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Martian Child (2007)

Some fathers and sons grow up together.

Rating: 7/10

Running Time: 106 minutes

US Certificate: PG UK Certificate: PG


I’ve long believed that out of all my celebrity husbands, John Cusack would be my favorite, mostly because he seems as if he would be good in any situation. He can do funny, serious, heart wrenching, dark, mean, nerdy—and he does it all while remaining entirely his own adjective: “Cusack.” He just is. That’s apparent in Martian Child, a quirky little movie that doesn’t go as schmaltzy as it could, but also doesn’t quite go far enough the other way either.

Widower David Gordon (Cusack) is a sci-fi writer looking to adopt a child … sort of. He’s unsure, really, that he has the makings of a father, especially a single father, and his wariness grows when he meets Dennis (Bobby Coleman), a strange young boy who hates the sun and professes to be from Mars. David can relate somewhat to Dennis and his eccentricities, having been the weird kid himself, and takes him in with the best intentions. But Dennis is more than an oddball little kid, though—he’s a seriously troubled boy who is almost completely unable to adapt to society, and it takes all the love David can muster to even begin to break through Dennis’s “alien” shell.

My biggest complaint with the movie is that David isn’t gay. This is a true story, based on author David Gerrold’s fictional account (Got that? Story based on a fictional account of a true story) of his own trials and tribulations raising Dennis. Gerrold is gay, even in his fictional account, but that omission from the screen version is not my issue. Poor Amanda Peet just seems to be getting roles in which she’s stuck in for convenience (I’ve got my stink eye on YOU, X-Files!), and here, she serves absolutely no purpose and makes every scene she’s in seem like she’s forced into the “new girlfriend” role, through no fault of her own. Other than that, though, this is a refreshing change from most of what’s out there on this subject. Cusack is, again, doing what he’s best at—acting like Cusack—and his sister Joan—playing David’s sister Liz—offers some laugh out loud bits about her own children (“Omen 1 and Omen 2”). There are no easy answers, but it’s also not all gloom and doom—the highs and lows are all given equal time, and scenes like the one where David puts his hand in his pocket instead of holding the hand of his new son subtly add depth to two characters that could easily become stereotypes. Special mention, too, goes to Coleman, who never makes Dennis too cute, instead giving a realistic performance of a very emotionally troubled, yet extremely bright child. In the end, it’s a film with complex, likable characters doing stuff real people do and loving each other in awkward ways just like in life—but here, it’s entertaining.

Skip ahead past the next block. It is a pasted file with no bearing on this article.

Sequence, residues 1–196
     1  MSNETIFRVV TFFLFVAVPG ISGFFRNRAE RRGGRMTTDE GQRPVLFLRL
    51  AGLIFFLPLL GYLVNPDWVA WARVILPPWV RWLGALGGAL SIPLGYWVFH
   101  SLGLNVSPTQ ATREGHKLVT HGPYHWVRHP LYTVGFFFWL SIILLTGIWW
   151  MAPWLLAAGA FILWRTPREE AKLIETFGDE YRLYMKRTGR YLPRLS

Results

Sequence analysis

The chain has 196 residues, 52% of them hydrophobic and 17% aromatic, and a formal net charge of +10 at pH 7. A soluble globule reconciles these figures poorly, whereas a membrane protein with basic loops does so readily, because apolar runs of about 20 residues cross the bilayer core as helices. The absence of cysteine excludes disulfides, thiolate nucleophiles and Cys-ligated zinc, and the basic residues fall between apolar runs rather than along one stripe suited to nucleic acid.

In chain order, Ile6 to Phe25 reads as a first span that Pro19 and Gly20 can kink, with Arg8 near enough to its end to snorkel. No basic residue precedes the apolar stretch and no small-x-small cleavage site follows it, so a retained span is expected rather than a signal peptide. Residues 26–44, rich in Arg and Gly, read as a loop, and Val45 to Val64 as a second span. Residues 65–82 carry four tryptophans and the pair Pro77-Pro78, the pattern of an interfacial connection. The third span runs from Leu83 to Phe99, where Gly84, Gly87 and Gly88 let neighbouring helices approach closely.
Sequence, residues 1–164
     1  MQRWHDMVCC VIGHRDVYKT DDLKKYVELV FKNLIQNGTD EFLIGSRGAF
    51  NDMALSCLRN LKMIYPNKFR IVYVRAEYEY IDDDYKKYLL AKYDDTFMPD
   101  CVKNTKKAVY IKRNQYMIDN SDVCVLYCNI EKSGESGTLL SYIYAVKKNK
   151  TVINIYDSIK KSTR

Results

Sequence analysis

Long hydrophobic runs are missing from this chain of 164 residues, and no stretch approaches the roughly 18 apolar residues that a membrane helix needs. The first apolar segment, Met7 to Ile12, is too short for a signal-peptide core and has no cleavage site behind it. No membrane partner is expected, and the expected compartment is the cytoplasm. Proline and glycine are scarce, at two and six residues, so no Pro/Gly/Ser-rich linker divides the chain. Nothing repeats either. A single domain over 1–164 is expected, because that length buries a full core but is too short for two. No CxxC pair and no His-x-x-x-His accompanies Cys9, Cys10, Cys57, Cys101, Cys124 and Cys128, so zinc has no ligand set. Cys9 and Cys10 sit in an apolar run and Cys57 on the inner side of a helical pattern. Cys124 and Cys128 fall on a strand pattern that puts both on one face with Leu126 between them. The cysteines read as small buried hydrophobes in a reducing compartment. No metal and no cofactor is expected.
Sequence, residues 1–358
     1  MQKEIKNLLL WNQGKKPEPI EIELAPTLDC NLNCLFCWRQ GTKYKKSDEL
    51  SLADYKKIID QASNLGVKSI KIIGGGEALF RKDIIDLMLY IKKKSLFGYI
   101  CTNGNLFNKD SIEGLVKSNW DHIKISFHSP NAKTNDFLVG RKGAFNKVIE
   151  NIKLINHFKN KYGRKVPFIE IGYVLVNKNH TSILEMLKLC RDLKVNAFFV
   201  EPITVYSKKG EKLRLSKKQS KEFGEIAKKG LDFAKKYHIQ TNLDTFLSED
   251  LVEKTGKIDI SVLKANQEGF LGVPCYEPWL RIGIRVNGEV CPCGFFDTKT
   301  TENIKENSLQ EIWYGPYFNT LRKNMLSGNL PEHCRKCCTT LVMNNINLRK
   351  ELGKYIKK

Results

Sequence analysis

It's Got: Great performances by Cusack and Coleman, some hilarious moments with Joan Cusack, facts about Mars.

It Needs: To cut the romance with Peet, and maybe a rework of the “rooftop” scene to something a little less “movie climax”.

DVD Extras Fourteen Deleted/Alternate Scenes; Audio commentary from producers Cory Sienega and David Kirshner and writers Seth Bass and Jonathan Tolins; Two featurettes : "Handle with Care: Working with the Martian Child," “The Real Martian Child”; Trailers. DVD Extras Rating: 7/10


Virtually ignored and unseen in its theatrical release, this is a film about the complex bond between a lonely father and his troubled adoptive son that could benefit from DVD viewing—as it should.